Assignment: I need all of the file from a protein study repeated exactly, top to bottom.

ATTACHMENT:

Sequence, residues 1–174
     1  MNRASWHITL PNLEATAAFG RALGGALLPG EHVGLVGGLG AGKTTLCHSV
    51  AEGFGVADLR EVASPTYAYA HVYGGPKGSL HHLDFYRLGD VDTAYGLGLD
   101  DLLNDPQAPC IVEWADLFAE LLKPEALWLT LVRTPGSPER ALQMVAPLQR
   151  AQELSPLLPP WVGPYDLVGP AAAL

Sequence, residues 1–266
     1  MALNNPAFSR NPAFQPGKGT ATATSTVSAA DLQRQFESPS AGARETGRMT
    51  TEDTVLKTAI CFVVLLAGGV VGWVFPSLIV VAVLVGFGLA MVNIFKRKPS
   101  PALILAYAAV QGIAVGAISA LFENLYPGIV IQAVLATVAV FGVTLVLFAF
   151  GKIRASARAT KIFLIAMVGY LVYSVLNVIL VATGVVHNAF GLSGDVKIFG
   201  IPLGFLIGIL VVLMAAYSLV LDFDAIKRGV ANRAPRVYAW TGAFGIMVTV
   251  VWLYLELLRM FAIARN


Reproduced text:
Sequence, residues 1–174
     1  MNRASWHITL PNLEATAAFG RALGGALLPG EHVGLVGGLG AGKTTLCHSV
    51  AEGFGVADLR EVASPTYAYA HVYGGPKGSL HHLDFYRLGD VDTAYGLGLD
   101  DLLNDPQAPC IVEWADLFAE LLKPEALWLT LVRTPGSPER ALQMVAPLQR
   151  AQELSPLLPP WVGPYDLVGP AAAL

Sequence, residues 1–266
     1  MALNNPAFSR NPAFQPGKGT ATATSTVSAA DLQRQFESPS AGARETGRMT
    51  TEDTVLKTAI CFVVLLAGGV VGWVFPSLIV VAVLVGFGLA MVNIFKRKPS
   101  PALILAYAAV QGIAVGAISA LFENLYPGIV IQAVLATVAV FGVTLVLFAF
   151  GKIRASARAT KIFLIAMVGY LVYSVLNVIL VATGVVHNAF GLSGDVKIFG
   201  IPLGFLIGIL VVLMAAYSLV LDFDAIKRGV ANRAPRVYAW TGAFGIMVTV
   251  VWLYLELLRM FAIARN